A localization system
for natural-sounding translations.

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Why did we create Fluent?

Software localization has been dominated by an outdated paradigm: translations that map one-to-one to the English copy. The grammar of the source language imposes limits on the expressiveness of the translation.

We created Fluent to change this paradigm. Translators should be able to use the entire expressive power of their language without asking developers for permission. In Fluent, translations are asymmetric. A simple string in English can map to a complex multi-variant translation in another language.

Fluent makes it possible to cater to the grammar and style of many languages, independently of the source language. It happens in isolation; the fact that one language benefits from more advanced logic doesn’t require any other localization to apply it. Each localization is in control of how complex the translation becomes.

Interactive Walkthrough

The English Translation

In Fluent, most messages are simple text strings identified by an identifier. In the first message in the example, tabs-close-button is the identifier and Close is the value.

Sometimes, translations require a little bit of logic to sound right in the target language. In the tabs-close-tooltip message, the correct variant of the translation depends on the value of the $tabCount variable. The names of the variants, [one] and [other], are standard names of the plural categories defined by the Unicode in CLDR.

On the other hand, when no logic is required, translations in Fluent stay simple. The tabs-close-warning message appears in Firefox when the user tries to close a window with more than one tab. The message is only displayed when the tab count is 2 or more, and so in English, the word tab will always appear as the plural tabs.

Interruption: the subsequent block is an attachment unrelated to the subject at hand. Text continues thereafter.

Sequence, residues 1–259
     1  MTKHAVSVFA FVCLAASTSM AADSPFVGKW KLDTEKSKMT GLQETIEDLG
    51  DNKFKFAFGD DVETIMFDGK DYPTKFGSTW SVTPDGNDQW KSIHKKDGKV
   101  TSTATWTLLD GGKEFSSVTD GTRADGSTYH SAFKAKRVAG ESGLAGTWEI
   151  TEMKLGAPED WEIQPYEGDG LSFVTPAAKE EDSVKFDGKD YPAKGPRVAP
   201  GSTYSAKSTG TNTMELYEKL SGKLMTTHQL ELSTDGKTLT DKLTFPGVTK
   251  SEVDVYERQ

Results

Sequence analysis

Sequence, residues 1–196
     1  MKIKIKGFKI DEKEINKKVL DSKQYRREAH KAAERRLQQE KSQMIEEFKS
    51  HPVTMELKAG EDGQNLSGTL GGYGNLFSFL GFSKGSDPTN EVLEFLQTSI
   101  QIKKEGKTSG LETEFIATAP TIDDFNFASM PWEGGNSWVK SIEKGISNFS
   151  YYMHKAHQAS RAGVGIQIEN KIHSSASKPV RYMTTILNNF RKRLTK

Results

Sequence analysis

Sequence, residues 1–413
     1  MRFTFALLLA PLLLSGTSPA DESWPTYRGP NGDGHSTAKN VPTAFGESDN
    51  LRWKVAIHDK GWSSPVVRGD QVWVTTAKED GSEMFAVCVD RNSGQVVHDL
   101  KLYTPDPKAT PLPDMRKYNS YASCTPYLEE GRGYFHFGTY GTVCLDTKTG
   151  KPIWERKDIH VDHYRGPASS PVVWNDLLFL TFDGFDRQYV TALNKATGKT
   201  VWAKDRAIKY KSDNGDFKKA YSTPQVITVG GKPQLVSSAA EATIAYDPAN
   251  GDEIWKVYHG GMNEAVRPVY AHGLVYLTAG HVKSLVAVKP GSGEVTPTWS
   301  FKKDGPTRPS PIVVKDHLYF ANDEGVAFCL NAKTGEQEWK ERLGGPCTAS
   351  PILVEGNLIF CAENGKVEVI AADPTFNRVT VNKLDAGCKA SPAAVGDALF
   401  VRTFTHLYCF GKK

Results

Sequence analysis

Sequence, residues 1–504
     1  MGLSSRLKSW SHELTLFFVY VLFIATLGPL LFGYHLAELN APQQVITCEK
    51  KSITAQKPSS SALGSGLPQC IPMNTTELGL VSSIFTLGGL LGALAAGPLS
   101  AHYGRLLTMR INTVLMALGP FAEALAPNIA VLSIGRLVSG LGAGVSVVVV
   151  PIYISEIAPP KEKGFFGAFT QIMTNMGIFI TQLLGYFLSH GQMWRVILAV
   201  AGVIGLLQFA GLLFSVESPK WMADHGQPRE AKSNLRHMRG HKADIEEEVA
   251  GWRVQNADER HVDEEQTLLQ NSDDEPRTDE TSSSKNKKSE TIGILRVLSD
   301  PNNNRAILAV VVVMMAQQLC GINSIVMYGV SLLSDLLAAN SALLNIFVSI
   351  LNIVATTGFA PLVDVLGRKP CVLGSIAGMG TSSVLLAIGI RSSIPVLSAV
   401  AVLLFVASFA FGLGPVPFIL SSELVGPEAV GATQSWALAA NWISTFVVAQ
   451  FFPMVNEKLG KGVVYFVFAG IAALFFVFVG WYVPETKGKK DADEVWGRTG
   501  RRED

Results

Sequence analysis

-sync-brand-name is a special kind of message in Fluent, called a term. Term identifiers always start with a dash. Terms can be referenced by other messages, but cannot be displayed directly in the app. Referencing terms is a powerful tool for ensuring consistency. Once defined, a translation can be reused in other translations.

The -sync-brand-name term can be referenced from other messages, and it will always resolve to the same value. Terms help enforce style guidelines; they can also be swapped in and out to modify the branding in unofficial builds and on beta release channels.

The Italian Translation

In Italian, the messages from the tabs-close family have a similar structure to their English counterparts. Even if the languages are different, the grammar requirements for these particular messages are similar. Fluent doesn't impose any additional complexity when it's not necessary.

The capitalization rules, however, are different in Italian than in English. Thanks to the asymmetric nature of Fluent, the Italian translation is free to define two facets of the brand name. The default one, [uppercase], is suitable for standalone appearances (sync-dialog-titile) and for beginning of sentences (sync-headline-title).

At the same time, the [lowercase] variant can be explicitly requested by passing the first: "lowercase" parameter when the brand name is used inside a larger sentence in the sync-signedout-title message.

The Polish Translation

The Polish translation illustrates how Fluent caters to yet more complex grammars.

The imperative Close command in tabs-close-button, Zamknij, still remains a simple string, same as in English and in Italian. The other messages in the tabs-close group, however, require a bit more attention to sound well in Polish. It's related to the fact that Polish, a Slavic language, has more plural categories than English (a Germanic language) or Italian (a Romance language). For example, the Polish translation for tab takes a different form for counts of 2, 3, and 4 than it does for 5, 6, or 7. Hence, the tabs-close-warning message requires additional variants in Polish: [few] and [many].

Similar to how Italian needed to vary the forms of -sync-brand-name with regards to the capitalization, the Polish translation defines three variants of the brand name corresponding to three grammatical cases: nominative, genitive, and accusative.

Using terms inside sentences requires care in Polish, which is an inflected language. The Polish translation can reference the specific term variant corresponding to the genitive declension to construct a grammatically correct sentence in the sync-signedout-title message.